By Jesse Newman
The Trump administration has started compensating U.S. farmers for damage tariffs are doing to their business.
Many farmers say the payments won’t make up for lost sales to China and other foreign markets they were counting on to buy the huge amounts of crops and meat being produced across the Farm Belt.
Bumper corn and soybean harvests and record pork production have pushed down prices for agricultural commodities. U.S. farm income is expected to drop 13% this year to $66 billion, according to the Department of Agriculture, extending a yearslong slump in the agricultural economy.
The USDA in August said it would pay farmers nearly $5 billion to offset losses from global trade disputes. Major U.S. trade partners including China, Canada and Mexico have applied tariffs to billions of dollars’ worth of U.S. agricultural exports in retaliation for tariffs imposed by Washington. The U.S. and China vowed last week to put more tariffs on each other’s goods.
The USDA said it has paid $35 million to farmers so far, especially in Iowa, Kansas, Illinois, Indiana and Wisconsin. Nearly 49,000 farmers have applied for the aid.
Mike Paustian, an Iowa pork producer who sells some 30,000 pigs annually, expects to receive about $40,000. Depending on the size of his crops, Mr. Paustian said he could receive another $20,000 for his 1,400 acres of corn and soybeans. In recent years, a farm of that size could make some $4 million in annual sales on the livestock alone.
Mr. Paustian said he appreciates what he sees as a goodwill gesture from the Trump administration. But he said he worries the trade fights will close doors to American pork and other farm goods while the world’s appetite for meat is growing.
“This payment isn’t going to save anybody’s life,” Mr. Paustian said. “It’ll soften the blow a little bit.”
Prices for lean hogs have fallen 19% since the end of May.
Mike Haag, an Illinois hog farmer who raises roughly 17,000 pigs each year, estimates he is eligible for roughly $32,000 in aid, enough to pay for a few weeks of animal feed, he says. An additional $20,000 he expects to get for his corn and soybeans will cover a tractor payment.
“I think most farmers are trying to support the president and what he’s doing but it is painful,” said Mr. Haag. “There’s a lot of extra pork out there.”
Trade-related losses to the U.S. pork industry are expected to total more than $2 billion this year, said Iowa State University economist Dermot Hayes.
The USDA has pledged direct payments of $290 million to pork producers to offset those losses. The agency has also promised to purchase $559 million worth of pork under a related program that farmers and economists say could boost prices in the pork market. USDA officials have said a second wave of payments to farmers could be announced in December if trade disruptions persist.
During a Senate hearing on trade earlier this month, U.S. lawmakers criticized the aid package and pushed the Trump administration to make progress on trade agreements.
“It’s nothing more than a Band-Aid,” said Sen. John Thune (R., S.D.). “We need to open up markets.”
Gregg Doud, chief agricultural negotiator for the Office of the United States Trade Representative, said during the hearing the administration is working hard to renegotiate the North American Free Trade Agreement, seeking to improve bilateral trade with Japan and exploring potential partnerships in Southeast Asia and Africa.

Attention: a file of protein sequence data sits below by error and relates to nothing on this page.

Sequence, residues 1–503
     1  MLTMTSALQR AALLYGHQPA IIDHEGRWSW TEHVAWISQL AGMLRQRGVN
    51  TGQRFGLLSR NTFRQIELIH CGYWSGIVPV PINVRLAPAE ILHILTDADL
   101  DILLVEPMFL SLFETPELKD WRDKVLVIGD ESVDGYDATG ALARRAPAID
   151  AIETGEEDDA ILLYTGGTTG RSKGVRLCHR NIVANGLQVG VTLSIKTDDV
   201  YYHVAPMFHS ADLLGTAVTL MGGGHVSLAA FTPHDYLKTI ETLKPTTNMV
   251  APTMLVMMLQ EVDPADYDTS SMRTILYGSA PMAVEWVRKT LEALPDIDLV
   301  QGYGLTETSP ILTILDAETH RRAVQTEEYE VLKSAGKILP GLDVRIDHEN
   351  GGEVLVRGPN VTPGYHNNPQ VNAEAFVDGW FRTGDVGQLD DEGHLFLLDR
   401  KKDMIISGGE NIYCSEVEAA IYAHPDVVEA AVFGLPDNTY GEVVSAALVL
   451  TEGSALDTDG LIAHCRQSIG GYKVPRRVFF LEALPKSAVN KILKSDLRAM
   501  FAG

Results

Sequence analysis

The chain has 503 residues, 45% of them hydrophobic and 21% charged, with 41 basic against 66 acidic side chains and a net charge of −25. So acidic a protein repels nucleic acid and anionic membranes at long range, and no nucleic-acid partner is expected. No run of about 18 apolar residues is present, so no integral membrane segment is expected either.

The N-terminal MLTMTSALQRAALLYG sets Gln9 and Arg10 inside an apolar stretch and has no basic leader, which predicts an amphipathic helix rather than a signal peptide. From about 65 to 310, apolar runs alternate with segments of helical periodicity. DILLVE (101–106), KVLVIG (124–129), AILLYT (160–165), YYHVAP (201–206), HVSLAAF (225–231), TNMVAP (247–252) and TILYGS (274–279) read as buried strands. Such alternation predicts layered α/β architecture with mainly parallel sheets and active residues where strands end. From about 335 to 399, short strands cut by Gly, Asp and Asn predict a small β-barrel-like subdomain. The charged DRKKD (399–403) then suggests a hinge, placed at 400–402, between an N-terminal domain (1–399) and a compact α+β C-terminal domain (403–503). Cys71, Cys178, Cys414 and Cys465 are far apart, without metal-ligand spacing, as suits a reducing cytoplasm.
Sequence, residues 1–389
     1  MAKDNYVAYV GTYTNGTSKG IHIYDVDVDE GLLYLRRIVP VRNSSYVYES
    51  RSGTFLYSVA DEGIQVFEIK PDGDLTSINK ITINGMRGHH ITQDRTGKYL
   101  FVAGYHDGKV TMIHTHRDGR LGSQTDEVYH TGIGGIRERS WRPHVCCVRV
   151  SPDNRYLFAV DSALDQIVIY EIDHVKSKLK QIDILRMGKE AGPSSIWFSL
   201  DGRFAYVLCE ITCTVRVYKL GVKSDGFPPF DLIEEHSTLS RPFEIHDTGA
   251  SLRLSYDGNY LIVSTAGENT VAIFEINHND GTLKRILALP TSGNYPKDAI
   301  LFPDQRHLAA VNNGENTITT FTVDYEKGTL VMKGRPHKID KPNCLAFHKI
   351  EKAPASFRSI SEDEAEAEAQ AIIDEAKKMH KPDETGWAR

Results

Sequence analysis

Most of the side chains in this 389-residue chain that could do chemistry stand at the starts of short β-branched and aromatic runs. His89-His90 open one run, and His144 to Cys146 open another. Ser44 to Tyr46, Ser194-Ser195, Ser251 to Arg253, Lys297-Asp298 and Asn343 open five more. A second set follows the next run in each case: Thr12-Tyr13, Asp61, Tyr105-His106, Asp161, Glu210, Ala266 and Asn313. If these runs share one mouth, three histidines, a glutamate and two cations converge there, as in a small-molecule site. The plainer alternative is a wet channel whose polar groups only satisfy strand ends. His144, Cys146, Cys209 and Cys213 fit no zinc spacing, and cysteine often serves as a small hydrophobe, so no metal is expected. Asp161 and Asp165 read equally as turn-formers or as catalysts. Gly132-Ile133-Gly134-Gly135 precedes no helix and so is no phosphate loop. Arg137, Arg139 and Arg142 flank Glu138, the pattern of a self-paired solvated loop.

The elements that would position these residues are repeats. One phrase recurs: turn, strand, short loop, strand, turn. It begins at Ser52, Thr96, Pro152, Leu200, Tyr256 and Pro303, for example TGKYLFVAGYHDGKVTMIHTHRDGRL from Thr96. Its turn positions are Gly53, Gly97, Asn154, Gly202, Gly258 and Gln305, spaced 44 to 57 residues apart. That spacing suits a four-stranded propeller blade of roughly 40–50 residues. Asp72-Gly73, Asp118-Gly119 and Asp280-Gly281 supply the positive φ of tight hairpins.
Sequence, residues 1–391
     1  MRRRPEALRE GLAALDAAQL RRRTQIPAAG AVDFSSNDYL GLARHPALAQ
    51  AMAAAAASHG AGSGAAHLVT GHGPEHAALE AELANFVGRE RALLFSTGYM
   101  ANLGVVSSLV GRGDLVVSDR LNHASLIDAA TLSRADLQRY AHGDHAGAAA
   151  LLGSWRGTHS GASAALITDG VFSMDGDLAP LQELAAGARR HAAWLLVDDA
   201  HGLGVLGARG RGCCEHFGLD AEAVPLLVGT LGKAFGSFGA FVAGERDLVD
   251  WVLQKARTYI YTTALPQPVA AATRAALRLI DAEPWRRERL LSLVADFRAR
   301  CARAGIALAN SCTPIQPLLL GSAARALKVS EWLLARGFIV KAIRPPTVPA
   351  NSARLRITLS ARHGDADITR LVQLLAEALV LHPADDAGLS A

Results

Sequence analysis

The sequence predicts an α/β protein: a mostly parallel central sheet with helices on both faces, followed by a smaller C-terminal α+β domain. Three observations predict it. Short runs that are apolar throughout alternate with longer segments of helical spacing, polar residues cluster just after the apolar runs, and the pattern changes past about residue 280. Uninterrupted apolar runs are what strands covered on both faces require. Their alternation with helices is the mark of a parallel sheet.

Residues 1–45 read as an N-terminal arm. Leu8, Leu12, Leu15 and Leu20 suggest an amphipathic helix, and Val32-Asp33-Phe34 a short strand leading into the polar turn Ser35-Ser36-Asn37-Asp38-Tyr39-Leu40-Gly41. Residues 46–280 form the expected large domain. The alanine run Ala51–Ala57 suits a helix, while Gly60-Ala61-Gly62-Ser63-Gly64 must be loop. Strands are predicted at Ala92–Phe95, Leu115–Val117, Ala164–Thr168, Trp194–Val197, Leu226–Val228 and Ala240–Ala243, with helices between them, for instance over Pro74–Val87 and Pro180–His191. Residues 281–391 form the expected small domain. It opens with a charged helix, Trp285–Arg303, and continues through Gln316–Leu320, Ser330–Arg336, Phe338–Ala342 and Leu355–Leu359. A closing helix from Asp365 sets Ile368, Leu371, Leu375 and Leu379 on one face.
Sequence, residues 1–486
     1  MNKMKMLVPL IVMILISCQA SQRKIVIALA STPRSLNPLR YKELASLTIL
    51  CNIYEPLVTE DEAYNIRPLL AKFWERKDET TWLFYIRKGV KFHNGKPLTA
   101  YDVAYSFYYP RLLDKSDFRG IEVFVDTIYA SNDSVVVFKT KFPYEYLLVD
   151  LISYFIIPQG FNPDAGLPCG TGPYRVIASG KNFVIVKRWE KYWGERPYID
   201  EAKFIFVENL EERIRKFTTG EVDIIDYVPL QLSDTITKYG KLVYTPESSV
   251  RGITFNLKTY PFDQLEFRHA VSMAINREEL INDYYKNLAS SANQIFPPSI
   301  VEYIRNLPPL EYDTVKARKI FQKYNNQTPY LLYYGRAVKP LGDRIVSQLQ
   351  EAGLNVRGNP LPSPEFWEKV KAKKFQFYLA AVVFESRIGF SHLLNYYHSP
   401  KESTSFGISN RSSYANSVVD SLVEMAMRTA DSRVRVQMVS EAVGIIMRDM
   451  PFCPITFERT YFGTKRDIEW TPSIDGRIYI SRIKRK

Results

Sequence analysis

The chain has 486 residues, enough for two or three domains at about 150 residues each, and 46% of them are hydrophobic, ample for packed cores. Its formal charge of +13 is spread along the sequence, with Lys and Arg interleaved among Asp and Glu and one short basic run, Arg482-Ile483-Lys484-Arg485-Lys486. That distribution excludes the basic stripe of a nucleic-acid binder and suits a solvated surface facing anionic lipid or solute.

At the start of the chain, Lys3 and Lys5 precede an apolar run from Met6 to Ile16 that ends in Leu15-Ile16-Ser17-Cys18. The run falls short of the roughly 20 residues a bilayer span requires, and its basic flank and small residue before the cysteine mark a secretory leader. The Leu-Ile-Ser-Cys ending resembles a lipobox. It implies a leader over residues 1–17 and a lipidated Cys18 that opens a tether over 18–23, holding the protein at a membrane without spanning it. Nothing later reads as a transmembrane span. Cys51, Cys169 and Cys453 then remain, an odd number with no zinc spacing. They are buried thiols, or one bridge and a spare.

The White House referred a request for comment to USDA, which has said the aid isn’t intended to make farmers whole, but rather to provide short-term relief while the Trump administration works to secure long-term trade deals that benefit the entire economy, including agriculture.
Adding to concerns is the likelihood that Congress will miss a Sunday deadline to pass a new five-year farm bill, which funds agriculture and nutrition programs. Without new legislation, major programs governing food stamps and crop insurance remain intact, but funding will lapse for dozens of smaller programs, including those that promote U.S. farm goods overseas.
Farmers applying for federal relief payments must certify the size of the crops they raised this season, their hog herds this summer, or annual milk production for a recent year. Local USDA offices will audit some of those claims, USDA Under Secretary Bill Northey said in an interview.
“We tried to make this easy and straightforward,” said Mr. Northey, adding that many farmers won’t be able to apply for the aid until the fall harvest is finished.
Trouble is particularly acute in the dairy industry. U.S. dairy farmers will see their incomes slide $1.5 billion this year due to tariffs from China and Mexico, acording to a forecast by agribusiness-consulting firm Informa Economics.
Milk prices are lower than production costs for many farmers, said Jim Briggs, who milks 60 Jersey cows in Wisconsin. Mr. Briggs said the $700 check he is expecting from the USDA will pay one month’s electricity bill for his dairy barn. He is struggling to keep up with bills for feed and veterinary services.
Tom Giessel, a Kansas wheat farmer, said he fears the downturn will push older farmers to retire, continuing a trend toward consolidation in U.S. agriculture that has left fewer, bigger farms.
Mr. Giessel, 65, who farms 3,000 acres of wheat, corn and sorghum, said he should receive about $5,000 for his wheat-10% of the cost to fertilize the next crop he is planting this fall. He will get just $10 for his 41 acres of corn-less than a tank of gas.
“I could put that in my pickup and go a little ways, but it won’t get me very far,” he said.
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